"It's always tough to play against City, Bayern or Barcelona when Pep is on the sideline. He creates huge belief and success and has a huge winning mentality," Chelsea boss Thomas Tuchel hailed Guardiola on the eve of the final game of 2020/21 season. "Maybe at the moment, City are the strongest team in Europe, in the world, and they have built a huge gap between us in the league...," he continued. But the German did not shy away from reminding the world of their recent back-to-back wins against the Premier League winners - "...but we closed the gap for 90 minutes at Wembley and closed the gap again in Manchester."
For the ninth-placed side in the Premier League at the start of this year, incoming coach Tuchel's sole job was to lift the Blues back in the race for the next season's Champions League. And the team indeed bounced back under the former PSG boss, and despite their loss to West Brom, Arsenal and Aston Villa in the fag-end, Chelsea managed to cling on to the final spot for European Championship. They made further strides, reaching the FA Cup final, where they lost to Leicester, and defeated Atletico Madrid, FC Porto and Real Madrid to reach the Champions League final.
Tuchel's Chelsea will now be up against the all-conquering superteam and outright favourites Manchester City, who have reached the Champions League final for the first time, while it will be the third for Guardiola, reaching the final last in the 2010-11 season with Barcelona. Can Chelsea make it three in a row against City? Here we look at some of the factors which will determine the game in Chelsea's favour.
Tuchel to stick to his prefered formation
The German, for one thing, has been consistent with his 3-4-2-1 shape since his arrival at Stamford Bridge and is likely to stick with the shape for the biggest game of the 2020/21 season. Chelsea have been fretting over the fitness of N’Golo Kante and Edouard Mendy, but fans heaved a sigh of relief with both being declared fit for the clash in Porto.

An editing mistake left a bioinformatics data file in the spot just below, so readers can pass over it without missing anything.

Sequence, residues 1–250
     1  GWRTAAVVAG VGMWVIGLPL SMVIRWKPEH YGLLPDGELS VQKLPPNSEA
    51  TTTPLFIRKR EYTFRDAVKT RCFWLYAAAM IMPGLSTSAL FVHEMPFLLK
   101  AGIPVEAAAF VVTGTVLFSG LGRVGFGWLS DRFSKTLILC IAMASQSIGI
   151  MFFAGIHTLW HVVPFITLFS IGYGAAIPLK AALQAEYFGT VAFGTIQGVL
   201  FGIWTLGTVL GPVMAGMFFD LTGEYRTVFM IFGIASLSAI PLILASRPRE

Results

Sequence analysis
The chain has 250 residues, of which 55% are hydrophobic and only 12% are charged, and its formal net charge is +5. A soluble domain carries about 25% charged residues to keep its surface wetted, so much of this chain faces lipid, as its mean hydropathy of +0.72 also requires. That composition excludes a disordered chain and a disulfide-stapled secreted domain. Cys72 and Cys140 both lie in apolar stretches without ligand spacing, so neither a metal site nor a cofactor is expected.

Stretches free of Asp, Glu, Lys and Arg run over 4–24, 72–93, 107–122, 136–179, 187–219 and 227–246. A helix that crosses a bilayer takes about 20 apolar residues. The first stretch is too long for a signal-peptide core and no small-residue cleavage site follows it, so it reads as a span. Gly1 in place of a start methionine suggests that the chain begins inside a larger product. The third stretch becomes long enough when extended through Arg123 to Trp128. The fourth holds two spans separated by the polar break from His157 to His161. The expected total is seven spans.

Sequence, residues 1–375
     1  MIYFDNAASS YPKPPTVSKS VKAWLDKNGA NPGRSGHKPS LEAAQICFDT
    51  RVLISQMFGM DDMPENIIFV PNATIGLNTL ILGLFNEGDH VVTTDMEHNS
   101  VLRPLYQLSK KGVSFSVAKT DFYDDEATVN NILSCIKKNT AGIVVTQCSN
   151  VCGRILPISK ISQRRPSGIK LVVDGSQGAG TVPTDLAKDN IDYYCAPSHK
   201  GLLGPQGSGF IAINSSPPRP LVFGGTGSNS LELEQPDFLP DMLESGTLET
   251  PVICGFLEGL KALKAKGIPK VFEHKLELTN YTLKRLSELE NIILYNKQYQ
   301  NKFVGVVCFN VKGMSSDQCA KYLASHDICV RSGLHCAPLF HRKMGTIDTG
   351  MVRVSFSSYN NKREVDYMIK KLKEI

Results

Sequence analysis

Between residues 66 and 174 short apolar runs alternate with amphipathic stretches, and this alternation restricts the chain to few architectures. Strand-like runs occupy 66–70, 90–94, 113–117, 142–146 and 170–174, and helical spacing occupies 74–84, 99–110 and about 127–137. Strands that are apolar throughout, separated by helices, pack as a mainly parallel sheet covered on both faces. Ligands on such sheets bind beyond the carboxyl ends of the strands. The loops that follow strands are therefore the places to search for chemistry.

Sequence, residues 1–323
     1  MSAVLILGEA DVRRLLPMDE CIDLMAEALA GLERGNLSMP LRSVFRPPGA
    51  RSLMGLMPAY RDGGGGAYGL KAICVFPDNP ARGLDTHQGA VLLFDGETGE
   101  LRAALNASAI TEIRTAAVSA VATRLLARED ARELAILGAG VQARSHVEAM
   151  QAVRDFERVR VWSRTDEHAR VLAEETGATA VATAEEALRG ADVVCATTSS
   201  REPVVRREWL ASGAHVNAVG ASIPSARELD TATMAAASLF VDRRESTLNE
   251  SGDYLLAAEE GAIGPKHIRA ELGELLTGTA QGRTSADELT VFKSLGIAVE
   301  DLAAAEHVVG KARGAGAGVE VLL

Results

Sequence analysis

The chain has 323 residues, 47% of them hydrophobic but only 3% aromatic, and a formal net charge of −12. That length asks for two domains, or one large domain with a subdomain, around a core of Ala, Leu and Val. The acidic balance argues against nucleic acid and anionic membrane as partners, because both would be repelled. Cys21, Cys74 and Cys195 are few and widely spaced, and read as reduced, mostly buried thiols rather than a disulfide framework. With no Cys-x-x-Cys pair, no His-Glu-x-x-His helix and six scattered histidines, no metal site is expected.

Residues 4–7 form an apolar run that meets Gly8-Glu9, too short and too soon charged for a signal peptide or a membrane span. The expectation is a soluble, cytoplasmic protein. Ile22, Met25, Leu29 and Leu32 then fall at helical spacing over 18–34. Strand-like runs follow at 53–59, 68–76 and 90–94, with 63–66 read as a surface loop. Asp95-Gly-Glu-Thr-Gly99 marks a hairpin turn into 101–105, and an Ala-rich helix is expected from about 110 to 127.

Mendy will hence don the gloves on Saturday night with the trio of César Azpilicueta, Thiago Silva and Antonio Rüdiger. Reece James and Ben Chilwell at wing-back and Kante and Jorginho will handle the midfield matters.
Lack of goals will be Chelsea's primary concern heading to the final with Tuchel calling for "more composure and more precision in the decision making and finishing itself." Timo Werner did trouble City with his pace and movement, but the German international struggled to convert his chances. But Hakim Ziyech, Chelsea have the perfect option, who had scored in both the matches where Chelsea defeated City. Besides the two, Mason Mount will wrap up the lineup.
City’s high defensive line
Manchester United did this earlier this year and so did Chelsea in their FA Cup semifinal win. It has long been the problem of Guardiola's style of football - a high-press game equally holds chances of falling vulnerable when the attack goes haywire. And Chelsea have the pacy Werner and Ziyech to exploit those chances.
How Chelsea can withhold City attack?
Azpilicueta is likely to return to his original spot after Tuchel used him as a right wing-back against Leicester and Villa as a surprising strategy to counter Jamie Vardy's speed with James. Moreover, James will be key in offering width on the right plank given that Riyad Mahrez will keep Chilwell occupied on the left. Another aspect that Chelsea should keep in mind is City's build-up to the first goal in the recent League game where Ferran Torres fell deep to drag out Rüdiger, hence creating the empty space which the Premier League winners capitalised on.
Although Ziyech played a key role in Chelsea's twin win over City, Tuchel can look to start with Werner and Pulisic upfront and Mount as a floating mid-fielder which will disrupt City's defensive plans, pulling them out of their positions amid Kante's menace.
Guardiola has a measure of Chelsea's tactics
In a recent interview with BT Sport, ahead of the Champions League final, Guardiola explained Tuchel's strategy to Rio Ferdinand. "Why Chelsea play so good... because they have three central defenders close, the two holding midfielders who move in relation are close, the pockets are close, the striker and the two [others in attack] are so, so close," he explained.
"The distances are so close, and at the same time they are so wide with the wing-backs, they are so good with the ball in behind.
"That's why you cannot be close because they push you [out wide] and they have a lot of good players in the middle.
"That's why it's difficult to face teams who want the ball and want to play with the ball. We've tried to do it since day one."
“We are here to win the trophy. Maybe as the slight underdogs, but this does not change anything and we want to leave Porto with the trophy,” said the German on the eve of the final.